By Richard Ford
Alfred A. Knopf, $24
Reviewed by Allen Barra
Richard Ford, Mississippi-born, deserves credit for being the first man to try to set The Great American Novel in New Jersey.
Much of Independence Day takes place in Haddam, N.J., a fictional town identified by Ford in his 1986 novel, The Sportswriter, to which this novel is a sort of sequel: "Settled in 1795 by a wool merchant from Long Island named Wallace Haddam, the town is a largely wooded community of twelve thousand souls set in the low and rolly hills of the New Jersey central section, east of the Delaware. It is on the train line midway between New York and Philadelphia, and for that reason it's not so easy to say we're a suburb of _ commuters go both ways." The simplest geographical point would be Princeton, located precisely between two hotbeds of American independence, New York and Philadelphia, but to identify it that way would give the novel intellectual vapors that Ford doesn't want.
It's been four years (in novel time) since Ford's protagonist Frank Bascombe quit his job as a writer for a New York sports weekly. It's 1988 on the eve of the Bush-Dukakis election, the relevance of which is never quite established. I have a feeling Ford set it in that period because it's the last time he saw that part of New Jersey. Anyway, he gets it all down right.
Ford likes the small, almost indistinguishable towns of central New Jersey with their hint of Revolutionary-era architecture and "third-growth hardwoods where no animal is native." What he really seems to like about them is the feeling of, well, independence that they give him. That is, he doesn't feel oppressed or tied down by their "place"-ness. As he puts it, "having first come to life in a true place, and one as monotonously, frankly, itself as the Mississippi Gulf Coast, I wouldn't be truly surprised that a simple setting such as Haddam _ willing to be so little itself _ would seem, on second look, a great relief and damned easy to cozy up to." Or, as he says in another context, "Place means nothing."
This sounds a little too glib, like the author is trying to sell us a concept with the same bland philosophy with which Bascombe sells houses (Frank's new profession, by the way.) Sample: "You don't sell a house to someone, you sell a life." Actually a sense of "place" is the one undeniably concrete thing the novel has going for it: The Haddam Bascombe lives in is real in a way the backwoods Mississippi of his first novel is not. A Piece of My Heart's steamy sex-and-sudden-violence bowled over some critics when it appeared in 1976, but today much of its dialogue seems cutely pretentious and the atmosphere curiously second-hand. Independence Day definitely shows that as a novelist Ford has deepened and matured. Perhaps, like Bascombe, he finds the hilly New Jersey landscape liberating.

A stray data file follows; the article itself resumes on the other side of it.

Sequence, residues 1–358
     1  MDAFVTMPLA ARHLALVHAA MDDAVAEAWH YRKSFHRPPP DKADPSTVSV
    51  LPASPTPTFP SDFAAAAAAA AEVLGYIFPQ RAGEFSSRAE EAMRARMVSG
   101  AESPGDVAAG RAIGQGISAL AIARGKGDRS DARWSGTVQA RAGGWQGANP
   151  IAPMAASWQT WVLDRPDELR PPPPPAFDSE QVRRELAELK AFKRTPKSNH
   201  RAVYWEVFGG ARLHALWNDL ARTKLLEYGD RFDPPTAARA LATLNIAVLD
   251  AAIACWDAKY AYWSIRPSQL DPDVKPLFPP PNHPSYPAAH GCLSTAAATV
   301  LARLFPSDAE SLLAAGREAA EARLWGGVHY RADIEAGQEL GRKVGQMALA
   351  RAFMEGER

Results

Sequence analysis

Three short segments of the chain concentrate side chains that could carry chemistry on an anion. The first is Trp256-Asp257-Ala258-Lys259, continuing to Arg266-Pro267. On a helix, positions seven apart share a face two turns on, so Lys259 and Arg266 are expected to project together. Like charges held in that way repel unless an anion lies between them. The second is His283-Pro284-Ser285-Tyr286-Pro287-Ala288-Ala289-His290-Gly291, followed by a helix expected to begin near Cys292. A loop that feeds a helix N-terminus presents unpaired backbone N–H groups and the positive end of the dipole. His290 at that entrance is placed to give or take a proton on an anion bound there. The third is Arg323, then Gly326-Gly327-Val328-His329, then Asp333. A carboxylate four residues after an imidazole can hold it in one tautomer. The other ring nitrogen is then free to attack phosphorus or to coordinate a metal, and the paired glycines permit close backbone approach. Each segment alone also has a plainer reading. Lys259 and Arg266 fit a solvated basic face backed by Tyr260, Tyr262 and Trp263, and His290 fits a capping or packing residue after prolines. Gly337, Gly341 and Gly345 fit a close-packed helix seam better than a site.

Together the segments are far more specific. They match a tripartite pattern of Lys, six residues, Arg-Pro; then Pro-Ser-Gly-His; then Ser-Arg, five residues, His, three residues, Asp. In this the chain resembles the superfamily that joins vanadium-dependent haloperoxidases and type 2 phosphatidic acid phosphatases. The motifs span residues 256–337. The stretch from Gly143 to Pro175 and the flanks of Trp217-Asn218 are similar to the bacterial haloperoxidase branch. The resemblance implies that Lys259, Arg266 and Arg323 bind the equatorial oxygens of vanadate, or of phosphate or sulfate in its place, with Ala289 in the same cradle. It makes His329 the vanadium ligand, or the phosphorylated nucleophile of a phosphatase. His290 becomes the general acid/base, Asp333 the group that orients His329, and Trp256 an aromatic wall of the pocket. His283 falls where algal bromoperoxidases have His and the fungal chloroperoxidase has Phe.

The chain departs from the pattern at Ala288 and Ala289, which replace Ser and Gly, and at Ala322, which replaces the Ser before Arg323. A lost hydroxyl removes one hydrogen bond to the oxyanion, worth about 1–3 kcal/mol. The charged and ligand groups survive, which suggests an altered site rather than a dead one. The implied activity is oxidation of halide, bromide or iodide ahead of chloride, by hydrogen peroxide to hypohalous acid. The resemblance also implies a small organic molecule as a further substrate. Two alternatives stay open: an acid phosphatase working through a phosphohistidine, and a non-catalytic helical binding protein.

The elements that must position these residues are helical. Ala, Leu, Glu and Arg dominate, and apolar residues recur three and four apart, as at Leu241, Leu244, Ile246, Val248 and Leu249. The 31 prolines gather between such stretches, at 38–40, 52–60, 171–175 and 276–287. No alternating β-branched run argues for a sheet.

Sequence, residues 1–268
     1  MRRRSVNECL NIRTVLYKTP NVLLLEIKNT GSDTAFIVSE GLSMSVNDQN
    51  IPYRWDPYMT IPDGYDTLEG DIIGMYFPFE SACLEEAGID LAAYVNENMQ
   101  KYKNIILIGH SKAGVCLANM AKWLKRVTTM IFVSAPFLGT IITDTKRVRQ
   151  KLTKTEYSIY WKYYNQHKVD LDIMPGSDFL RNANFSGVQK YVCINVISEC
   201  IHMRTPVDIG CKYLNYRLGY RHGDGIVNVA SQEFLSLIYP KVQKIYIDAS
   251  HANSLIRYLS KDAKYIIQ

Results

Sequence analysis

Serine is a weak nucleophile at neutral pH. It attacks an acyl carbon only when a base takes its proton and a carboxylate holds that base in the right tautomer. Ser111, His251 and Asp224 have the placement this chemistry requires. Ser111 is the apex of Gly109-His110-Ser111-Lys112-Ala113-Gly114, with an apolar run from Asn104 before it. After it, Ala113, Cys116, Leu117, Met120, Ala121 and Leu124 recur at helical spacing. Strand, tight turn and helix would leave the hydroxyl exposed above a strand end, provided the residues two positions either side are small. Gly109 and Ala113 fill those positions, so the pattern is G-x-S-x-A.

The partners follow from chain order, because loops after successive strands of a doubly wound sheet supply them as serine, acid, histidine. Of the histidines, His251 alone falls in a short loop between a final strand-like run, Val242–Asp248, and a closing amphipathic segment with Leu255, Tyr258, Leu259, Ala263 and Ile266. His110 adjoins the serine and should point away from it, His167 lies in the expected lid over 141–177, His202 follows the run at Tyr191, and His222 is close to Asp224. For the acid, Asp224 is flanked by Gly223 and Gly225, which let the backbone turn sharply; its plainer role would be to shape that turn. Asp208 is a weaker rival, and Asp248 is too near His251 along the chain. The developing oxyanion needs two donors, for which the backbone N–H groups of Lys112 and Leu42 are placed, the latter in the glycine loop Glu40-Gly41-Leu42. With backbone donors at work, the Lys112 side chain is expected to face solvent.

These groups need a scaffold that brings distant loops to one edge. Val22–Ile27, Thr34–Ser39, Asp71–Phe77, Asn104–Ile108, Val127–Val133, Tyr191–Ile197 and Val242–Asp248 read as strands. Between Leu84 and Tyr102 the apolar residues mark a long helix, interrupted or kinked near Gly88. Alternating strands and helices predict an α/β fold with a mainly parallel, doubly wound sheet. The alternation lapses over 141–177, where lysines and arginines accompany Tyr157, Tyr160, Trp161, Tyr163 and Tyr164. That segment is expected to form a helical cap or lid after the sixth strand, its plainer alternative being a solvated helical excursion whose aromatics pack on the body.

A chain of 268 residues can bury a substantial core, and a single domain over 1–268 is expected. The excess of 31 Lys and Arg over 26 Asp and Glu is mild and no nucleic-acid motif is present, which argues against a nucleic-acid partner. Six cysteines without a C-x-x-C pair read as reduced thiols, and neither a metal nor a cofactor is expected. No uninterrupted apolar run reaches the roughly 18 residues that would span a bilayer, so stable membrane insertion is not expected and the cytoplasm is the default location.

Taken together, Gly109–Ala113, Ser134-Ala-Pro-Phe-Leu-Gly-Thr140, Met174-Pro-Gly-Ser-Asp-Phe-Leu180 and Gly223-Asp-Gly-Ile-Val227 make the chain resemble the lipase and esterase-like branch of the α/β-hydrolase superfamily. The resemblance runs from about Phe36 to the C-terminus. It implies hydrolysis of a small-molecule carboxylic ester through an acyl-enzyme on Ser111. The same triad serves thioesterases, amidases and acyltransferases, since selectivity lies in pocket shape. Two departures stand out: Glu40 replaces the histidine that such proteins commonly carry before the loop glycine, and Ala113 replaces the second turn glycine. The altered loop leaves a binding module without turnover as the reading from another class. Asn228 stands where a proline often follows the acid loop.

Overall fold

What he does not seem to find it is stimulating. Ford winds all the springs of his plot tight: Frank is about to depart with his bordering-on-delinquent teenage son for a male-bonding tour of the basketball and baseball Halls of Fame; his ex-wife, much to Frank's dismay, is preparing to remarry; he's fighting an ongoing battle with two potential customers who have rejected 45 consecutive houses (and "would both rather be dead than anywhere that's available to them"); and decision time is at hand with Sally, the attractive blonde widow with whom Frank has been spending time. This is an awful lot of plot to resolve, and Ford gives himself an awful lot of room to play in, but by the time the book ends, I found myself struggling to remember if Ford had resolved any of it _ in other words, had he allowed any of his characters to achieve a kind of independence?
I'm pretty sure he didn't. With Ford it's not always easy to decide. Here's Sally to Frank: "Life seems congested to me. Something's crying out to be noticed, I just don't know what it is, but it must have to do with you and I. Don't you agree?" Bascombe, or Ford, just doesn't seem to know how to tell us what it is. Here's Sally again: "I always think about the Fourth of July as if I need to have something accomplished by nowThe fall just seems too late. I don't even know late for what."
Independence Day is gravid with references to freedom, but no one seems inclined to work toward achieving it, or even to figuring out what it is. All the plot diversions and traveling seem to shake up the characters' lives, but when things settle, everyone seems back in their rut.
A few years ago in Vanity Fair, James Wolcott wrote a famous put-down of Ford which helped shape an image of Ford as a macho writer. The characterization is unfair. Ford's trademark isn't macho; it's malaise. Bascombe is an intellectual masquerading as a real estate salesman, and until Ford comes to terms with that, Frank isn't going to be able to sell anyone a life, least of all himself.
Allen Barra is a staff writer for the Village Voice.